Zoller® Laboratories Zantrex® Black - KLEIN BECKER - GNC Zoom

Zoller® Laboratories Zantrex® Black

Zoller® Laboratories Zantrex® Black
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Zoller® Laboratories Zantrex® Black

84 softgels

245925

Price: $49.99

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AVAILABILITY: In stock, Ships in 1-2 full bus. days. Details


Description
  • NEW! AcceleratedRapid Release Formula!
  • High Velocity Weight Loss*
  • Extreme Energy*... FAST
  • Maximum Potency Liquid-Filled Softgel
WORKS WITH ANY SENSIBLE DIET AND EXERCISE PROGRAM
Note for customers of Zantrex®-3 High Energy Fat Burner™ or original Zantrex®-3: Zantrex-3 High Energy Fat Burner (red bottle), the original Zantrex-3 (blue bottle), and Zantrex Black are different formulations that work in different ways. For maximum weight-loss effectiveness and extreme high energy, take Zantrex Black every day as directed.

NOTE: Limit the use of caffeine-containing supplements, foods or beverages while taking this product because too much caffeine may cause nervousness, irritability, sleeplessness and occasionally, rapid heartbeat.
Supplement Facts
Take two softgels with a full glass of water, 15 minutes before main meals. For a SignificantEnergy Boost: Take one or two softgels as needed. Do not exceed 6 softgels in any 24-hour period. Use in conjunction with any sensible diet and exercise program. Individual results will vary.
Serving Size   2 softgels
Servings Per Container  42
Amount Per Serving   % DV
Calories from Fat    10.00    
Protein    0.50 g   1% 
Calories    15.00    
Niacin    30.00 mg   150% 
Total Fat    1.00 g   2% 
Zantrex® A Proprietary Blend Containing:    1160.00 mg   ** 
 Green tea (leaf) extract        ** 
 Trimethylxanthine        ** 
 Maca (Root) Extract        ** 
 Guarana (seed) Extract        ** 
 Asian Ginseng (Root) Extract        **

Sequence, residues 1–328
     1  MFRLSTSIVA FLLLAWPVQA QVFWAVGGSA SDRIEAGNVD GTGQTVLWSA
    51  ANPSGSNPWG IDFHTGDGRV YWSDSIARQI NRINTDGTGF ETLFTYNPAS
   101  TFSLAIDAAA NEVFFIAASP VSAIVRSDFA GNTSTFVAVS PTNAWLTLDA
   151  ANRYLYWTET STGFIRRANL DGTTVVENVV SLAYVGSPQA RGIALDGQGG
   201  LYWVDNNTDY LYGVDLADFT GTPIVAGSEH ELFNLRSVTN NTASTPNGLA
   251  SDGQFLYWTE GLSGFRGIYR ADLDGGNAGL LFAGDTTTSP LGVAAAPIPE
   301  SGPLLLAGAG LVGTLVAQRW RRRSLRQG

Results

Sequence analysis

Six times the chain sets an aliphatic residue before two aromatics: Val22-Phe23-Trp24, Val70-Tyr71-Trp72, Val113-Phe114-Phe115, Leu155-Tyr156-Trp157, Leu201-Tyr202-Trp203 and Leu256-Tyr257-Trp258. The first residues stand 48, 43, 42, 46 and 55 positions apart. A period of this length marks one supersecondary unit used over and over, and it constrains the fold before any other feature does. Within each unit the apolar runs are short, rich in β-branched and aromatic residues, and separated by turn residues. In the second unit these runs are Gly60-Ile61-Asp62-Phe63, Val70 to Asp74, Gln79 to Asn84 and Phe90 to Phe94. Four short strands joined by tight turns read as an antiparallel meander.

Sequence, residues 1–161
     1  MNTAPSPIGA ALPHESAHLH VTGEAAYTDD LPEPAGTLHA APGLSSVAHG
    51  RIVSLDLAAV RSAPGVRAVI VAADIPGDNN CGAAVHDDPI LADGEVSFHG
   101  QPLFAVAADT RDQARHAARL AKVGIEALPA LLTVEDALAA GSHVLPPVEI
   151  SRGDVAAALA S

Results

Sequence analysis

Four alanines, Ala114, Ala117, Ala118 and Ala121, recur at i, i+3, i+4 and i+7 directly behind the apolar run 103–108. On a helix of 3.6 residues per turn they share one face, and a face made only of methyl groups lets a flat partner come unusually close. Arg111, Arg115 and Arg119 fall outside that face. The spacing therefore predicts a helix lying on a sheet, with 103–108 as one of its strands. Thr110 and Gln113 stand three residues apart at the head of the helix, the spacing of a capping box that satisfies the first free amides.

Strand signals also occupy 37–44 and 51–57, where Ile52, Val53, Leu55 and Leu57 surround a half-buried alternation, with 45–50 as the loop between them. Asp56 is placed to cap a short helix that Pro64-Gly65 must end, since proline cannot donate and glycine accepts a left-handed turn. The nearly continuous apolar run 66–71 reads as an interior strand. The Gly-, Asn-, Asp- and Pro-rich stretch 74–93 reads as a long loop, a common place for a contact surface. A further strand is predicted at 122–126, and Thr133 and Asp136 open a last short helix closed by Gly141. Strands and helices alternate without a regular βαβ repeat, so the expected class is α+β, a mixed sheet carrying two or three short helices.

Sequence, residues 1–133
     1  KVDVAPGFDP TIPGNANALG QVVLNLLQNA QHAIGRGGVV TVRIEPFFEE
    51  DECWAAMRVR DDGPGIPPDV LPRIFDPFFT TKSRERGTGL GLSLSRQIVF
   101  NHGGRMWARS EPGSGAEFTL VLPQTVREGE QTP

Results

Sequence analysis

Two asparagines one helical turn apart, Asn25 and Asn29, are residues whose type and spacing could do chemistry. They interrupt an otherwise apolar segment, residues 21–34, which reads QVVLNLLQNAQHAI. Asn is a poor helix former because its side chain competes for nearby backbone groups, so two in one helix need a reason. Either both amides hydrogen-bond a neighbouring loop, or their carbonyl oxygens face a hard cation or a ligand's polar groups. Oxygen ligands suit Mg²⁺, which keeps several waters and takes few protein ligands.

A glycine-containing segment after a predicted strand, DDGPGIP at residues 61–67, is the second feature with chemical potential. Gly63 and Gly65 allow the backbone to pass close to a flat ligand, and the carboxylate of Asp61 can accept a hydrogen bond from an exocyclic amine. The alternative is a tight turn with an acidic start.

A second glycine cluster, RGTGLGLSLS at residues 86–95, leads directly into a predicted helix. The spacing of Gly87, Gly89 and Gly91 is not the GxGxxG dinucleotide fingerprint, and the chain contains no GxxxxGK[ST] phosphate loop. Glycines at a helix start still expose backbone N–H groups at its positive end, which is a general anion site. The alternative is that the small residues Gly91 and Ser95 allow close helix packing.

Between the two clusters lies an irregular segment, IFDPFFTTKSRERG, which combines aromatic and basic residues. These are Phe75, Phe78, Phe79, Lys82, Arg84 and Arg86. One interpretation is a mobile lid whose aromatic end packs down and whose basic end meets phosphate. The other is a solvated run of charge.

Yerba Maté (leaf) Extract        ** 
 Damiana (Turnera diffusa var. aphrodisiaca) (leaf) Extract        ** 
 Kola (seed) Extract        ** 
 Schizonepeta (flower) Extract        ** 
 Black Pepper (fruit) Extract        ** 
 Rhodiola crenulata (root) Extract        ** 
 Cacao (seed) Extract        ** 
 Black Tea (leaf) Extract        ** 
 ** Daily Value (DV) not established

Other Ingredients:  Soybean Oil, Gelatin, Glycerin, Water, Soy Lecithin, White Beeswax, Caramel (colorant)

Warning:  Do not take Zantrex-3 High Energy Fat Burner (red bottle), original Zantrex-3 (blue bottle), or ZantrexBlack at the same time. Do not substitute one product for the other. This product contains a significantly potent xanthine (i.e., caffeine and caffeine-like stimulants) mixture, of about 300 mg per serving. Consult your physician before use if you are taking caffeine-containing medications or if you are sensitive to stimulants. People sensitive to Niacin (Nicotinic Acid) may experience flushing of the skin that is generally mild and transient. Do not exceed suggested daily serving. Not for use by individuals under the age of 18 years. Do not use if pregnant or nursing. Consult your physician before use if you are taking a prescription drug, or have a medical condition. Use only as directed. Keep out of reach of children.

Contains: Soy

Zoller® Laboratories, LLC Salt Lake City, UT 84116
Health Notes

Can Diet Prevent ALS?

Can Diet Prevent ALS?
Can Diet Prevent ALS?: Main Image
Risk of developing ALS decreased 25% in people consuming the highest amount of carotenoids